The use of a rule of life — a set of practices to guard our habits and guide our lives — goes at least back to the Old Testament figure Daniel. As an exile, Daniel was in an unfamiliar cultural context that provided no support for the practice of his faith — and as a leadership trainee in the court of Babylon, he was exposed to powerful pressures for assimilation to Babylon’s dominant ethos. He and his companions committed themselves to a vegetarian diet instead of “the king’s rations” (Dan. 1) and developed the practice of praising and praying to God three times a day in front of an open window (Dan. 6:10).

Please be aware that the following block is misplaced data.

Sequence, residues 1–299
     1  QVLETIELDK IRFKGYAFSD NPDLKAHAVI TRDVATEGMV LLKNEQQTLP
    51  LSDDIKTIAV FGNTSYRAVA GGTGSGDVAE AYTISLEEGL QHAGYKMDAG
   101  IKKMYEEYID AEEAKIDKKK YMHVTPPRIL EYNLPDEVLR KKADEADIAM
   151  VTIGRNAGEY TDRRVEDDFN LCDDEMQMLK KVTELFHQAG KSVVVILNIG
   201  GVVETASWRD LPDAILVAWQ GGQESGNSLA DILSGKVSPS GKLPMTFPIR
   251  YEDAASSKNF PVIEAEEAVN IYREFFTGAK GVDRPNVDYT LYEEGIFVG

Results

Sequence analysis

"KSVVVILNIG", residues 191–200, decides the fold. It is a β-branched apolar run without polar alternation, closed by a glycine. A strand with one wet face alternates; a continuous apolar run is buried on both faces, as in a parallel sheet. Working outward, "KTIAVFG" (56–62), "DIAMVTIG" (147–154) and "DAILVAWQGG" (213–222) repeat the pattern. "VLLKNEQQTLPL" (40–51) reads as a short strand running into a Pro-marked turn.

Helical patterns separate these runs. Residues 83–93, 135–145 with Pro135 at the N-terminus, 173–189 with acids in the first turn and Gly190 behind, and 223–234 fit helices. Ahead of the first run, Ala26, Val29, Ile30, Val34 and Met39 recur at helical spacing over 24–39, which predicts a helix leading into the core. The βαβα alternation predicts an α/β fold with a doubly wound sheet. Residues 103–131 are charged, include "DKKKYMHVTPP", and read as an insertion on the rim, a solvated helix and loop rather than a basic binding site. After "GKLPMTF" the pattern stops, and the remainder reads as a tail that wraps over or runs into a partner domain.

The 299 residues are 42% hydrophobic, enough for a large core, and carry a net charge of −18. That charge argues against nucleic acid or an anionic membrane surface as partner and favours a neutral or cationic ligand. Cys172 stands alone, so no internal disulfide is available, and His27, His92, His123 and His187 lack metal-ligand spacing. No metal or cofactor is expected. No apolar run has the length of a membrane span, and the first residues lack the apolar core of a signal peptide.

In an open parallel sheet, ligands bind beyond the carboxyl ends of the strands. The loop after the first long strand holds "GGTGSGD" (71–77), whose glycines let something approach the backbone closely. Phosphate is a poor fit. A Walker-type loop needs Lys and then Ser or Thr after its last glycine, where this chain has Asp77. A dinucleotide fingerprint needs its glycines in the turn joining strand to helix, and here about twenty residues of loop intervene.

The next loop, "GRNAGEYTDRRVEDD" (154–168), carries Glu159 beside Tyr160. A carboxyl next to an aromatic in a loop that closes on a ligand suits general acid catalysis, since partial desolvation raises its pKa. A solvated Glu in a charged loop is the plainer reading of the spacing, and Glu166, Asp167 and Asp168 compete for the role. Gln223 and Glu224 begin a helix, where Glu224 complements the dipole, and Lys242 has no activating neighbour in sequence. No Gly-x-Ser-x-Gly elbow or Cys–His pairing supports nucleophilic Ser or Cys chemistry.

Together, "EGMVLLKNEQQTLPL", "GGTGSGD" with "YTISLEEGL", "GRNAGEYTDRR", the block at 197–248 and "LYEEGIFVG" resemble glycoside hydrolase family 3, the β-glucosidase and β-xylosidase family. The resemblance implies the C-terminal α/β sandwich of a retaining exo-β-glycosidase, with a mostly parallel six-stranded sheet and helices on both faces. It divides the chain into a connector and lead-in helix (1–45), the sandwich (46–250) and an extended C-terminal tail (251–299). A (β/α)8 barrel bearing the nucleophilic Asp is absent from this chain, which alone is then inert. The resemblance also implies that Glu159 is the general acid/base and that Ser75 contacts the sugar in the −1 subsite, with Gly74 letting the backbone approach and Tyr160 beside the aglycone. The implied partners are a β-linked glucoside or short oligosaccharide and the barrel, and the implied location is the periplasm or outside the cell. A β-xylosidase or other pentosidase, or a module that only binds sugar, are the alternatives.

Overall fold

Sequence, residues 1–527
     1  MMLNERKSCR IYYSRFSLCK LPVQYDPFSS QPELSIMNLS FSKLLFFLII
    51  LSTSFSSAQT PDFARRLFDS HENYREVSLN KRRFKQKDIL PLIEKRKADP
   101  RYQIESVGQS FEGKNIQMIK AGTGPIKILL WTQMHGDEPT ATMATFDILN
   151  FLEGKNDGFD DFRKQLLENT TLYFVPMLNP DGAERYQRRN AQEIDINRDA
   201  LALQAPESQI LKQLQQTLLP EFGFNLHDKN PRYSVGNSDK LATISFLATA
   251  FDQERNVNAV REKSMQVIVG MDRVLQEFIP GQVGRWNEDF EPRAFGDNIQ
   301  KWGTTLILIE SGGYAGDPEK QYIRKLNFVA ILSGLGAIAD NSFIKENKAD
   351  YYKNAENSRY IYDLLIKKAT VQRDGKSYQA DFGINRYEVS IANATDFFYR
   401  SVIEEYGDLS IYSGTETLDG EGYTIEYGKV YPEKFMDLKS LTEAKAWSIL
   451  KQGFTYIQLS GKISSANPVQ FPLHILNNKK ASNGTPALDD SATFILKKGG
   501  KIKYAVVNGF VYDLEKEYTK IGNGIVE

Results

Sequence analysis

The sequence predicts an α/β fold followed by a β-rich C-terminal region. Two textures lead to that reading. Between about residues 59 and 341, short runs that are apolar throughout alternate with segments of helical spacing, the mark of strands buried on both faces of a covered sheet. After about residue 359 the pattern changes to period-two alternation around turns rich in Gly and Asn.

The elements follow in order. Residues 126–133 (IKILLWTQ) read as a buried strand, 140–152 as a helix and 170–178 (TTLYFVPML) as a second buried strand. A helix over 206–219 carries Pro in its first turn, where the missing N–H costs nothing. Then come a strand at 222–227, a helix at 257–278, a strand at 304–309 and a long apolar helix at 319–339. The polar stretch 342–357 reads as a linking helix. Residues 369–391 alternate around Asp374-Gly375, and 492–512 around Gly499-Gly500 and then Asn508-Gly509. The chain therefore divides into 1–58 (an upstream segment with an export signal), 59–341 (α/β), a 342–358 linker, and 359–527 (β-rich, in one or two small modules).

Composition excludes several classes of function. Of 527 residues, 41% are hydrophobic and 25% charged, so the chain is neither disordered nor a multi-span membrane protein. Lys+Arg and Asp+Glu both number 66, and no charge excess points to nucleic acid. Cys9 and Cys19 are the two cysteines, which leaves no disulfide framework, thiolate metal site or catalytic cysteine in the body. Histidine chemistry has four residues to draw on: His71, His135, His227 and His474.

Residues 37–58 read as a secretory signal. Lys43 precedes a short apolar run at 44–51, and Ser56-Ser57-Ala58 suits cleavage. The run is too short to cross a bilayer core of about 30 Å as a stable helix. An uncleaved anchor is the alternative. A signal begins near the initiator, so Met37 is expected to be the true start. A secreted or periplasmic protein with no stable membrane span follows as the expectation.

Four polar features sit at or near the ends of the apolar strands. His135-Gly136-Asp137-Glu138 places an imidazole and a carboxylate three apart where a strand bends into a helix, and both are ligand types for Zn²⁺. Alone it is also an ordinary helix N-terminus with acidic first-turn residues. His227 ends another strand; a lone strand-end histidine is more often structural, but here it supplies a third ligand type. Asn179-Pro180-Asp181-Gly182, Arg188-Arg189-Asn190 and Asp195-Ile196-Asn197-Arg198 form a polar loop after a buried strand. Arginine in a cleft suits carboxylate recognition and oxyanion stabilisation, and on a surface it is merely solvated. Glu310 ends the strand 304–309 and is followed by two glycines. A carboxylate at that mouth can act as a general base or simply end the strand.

The rule covers the areas of time, money, imagination, decision-making. power, and community. The rule in one page is especially helpful.
Praxis cites Daniel as an inspiration, but the idea also reminded me of Benedict.